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6th World Congress on Control and Prevention of HIV/AIDS, STDs & STIs

Zurich, Switzerland

Kristina M. Miller

Kristina M. Miller

Fisheries and Oceans

Title: Unravelling the common etiology of related, but pathologically divergent diseases


Biography: Kristina M. Miller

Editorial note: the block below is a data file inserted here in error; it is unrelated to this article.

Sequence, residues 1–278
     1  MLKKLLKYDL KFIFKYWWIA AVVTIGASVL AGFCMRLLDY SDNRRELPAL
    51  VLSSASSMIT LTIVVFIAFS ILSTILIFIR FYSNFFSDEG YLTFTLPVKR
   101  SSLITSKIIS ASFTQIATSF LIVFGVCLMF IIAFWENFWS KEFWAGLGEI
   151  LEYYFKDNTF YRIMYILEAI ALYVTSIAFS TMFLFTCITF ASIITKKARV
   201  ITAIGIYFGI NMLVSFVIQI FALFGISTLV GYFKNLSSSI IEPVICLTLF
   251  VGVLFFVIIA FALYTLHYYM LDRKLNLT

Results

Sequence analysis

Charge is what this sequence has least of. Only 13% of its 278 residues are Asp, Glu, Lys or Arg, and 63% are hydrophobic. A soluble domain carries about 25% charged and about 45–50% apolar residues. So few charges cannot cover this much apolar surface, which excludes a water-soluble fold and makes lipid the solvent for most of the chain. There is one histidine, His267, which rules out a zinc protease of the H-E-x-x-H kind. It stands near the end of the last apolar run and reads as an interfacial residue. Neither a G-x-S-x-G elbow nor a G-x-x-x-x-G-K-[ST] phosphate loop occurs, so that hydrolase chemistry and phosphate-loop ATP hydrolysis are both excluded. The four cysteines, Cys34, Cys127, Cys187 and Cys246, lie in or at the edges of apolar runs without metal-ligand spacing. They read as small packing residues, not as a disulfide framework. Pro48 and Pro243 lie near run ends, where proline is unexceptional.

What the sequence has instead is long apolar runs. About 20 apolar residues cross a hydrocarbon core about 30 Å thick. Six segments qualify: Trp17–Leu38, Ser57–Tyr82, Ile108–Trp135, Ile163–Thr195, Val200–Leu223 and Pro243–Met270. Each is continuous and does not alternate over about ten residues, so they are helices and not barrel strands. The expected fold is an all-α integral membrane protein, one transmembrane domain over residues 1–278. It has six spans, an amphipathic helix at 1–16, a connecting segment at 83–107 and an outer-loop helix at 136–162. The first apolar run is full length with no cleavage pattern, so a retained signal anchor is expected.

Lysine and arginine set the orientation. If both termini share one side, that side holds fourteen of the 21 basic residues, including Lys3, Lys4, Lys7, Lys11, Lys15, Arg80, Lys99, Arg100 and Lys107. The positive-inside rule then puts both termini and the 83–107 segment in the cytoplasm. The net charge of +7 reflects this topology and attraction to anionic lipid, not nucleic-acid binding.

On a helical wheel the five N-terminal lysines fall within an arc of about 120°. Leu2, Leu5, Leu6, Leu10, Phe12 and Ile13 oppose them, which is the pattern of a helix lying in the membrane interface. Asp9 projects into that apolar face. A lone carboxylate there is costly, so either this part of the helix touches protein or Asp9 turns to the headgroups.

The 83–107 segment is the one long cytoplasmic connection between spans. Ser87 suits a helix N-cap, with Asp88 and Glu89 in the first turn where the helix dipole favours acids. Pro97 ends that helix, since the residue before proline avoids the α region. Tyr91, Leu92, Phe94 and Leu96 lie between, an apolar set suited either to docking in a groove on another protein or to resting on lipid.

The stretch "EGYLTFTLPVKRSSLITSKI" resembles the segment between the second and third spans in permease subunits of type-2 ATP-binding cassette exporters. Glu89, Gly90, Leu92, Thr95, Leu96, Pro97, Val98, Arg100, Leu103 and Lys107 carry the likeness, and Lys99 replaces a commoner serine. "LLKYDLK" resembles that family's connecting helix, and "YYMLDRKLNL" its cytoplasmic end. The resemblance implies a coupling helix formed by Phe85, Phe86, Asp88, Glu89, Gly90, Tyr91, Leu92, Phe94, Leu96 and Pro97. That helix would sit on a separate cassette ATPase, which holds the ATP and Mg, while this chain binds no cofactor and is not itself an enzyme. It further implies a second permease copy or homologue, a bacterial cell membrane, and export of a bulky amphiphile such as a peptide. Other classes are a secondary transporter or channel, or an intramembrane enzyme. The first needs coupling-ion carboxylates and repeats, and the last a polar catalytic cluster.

Piscine orthoreovirus Strain PRV-1 is the causative agent of heart and skeletal muscle inflammation (HSMI) in Atlantic salmon (Salmo salar). Given its high prevalence in net pen salmon, debate has arisen on whether PRV poses a risk to migratory salmon, especially in British Columbia (BC) where commercially important wild Pacific salmon are in decline. Various strains of PRV have been associated with diseases in Pacific salmon, including erythrocytic inclusion body syndrome (EIBS), HSMI-like disease, jaundice syndrome, and jaundice/anemia in Japan, Norway, Chile and Canada. Herein, we examine the developmental pathway of HSMI and jaundice/anemia associated with PRV-1 in farmed Atlantic and Chinook (Oncorhynchus tshawytscha) salmon in BC, respectively. A molecular viral disease development (VDD) biomarker panel differentiated fish that were merely viral carriers from those in an active viral disease state, and  In situ hybridization (ISH) localized PRV-1 within developing lesions in both diseases. The two diseases showed dissimilar pathological pathways, as indicated by the preponderance of inflammatory lesions in heart and skeletal muscle in Atlantic salmon, and the development of degenerative-necrotic lesions in kidney and liver in Chinook salmon. However, our data indicate that a species-related difference in PRV load tolerance in red blood cells can explain these differences. Moreover, complete viral genome sequencing revealed no consistent differences in the sequence of PRV-1 variants intimately involved in the development of both diseases, suggesting that migratory Chinook salmon may be at more than a minimal risk of disease from exposure to the high levels of PRV occurring on salmon farms.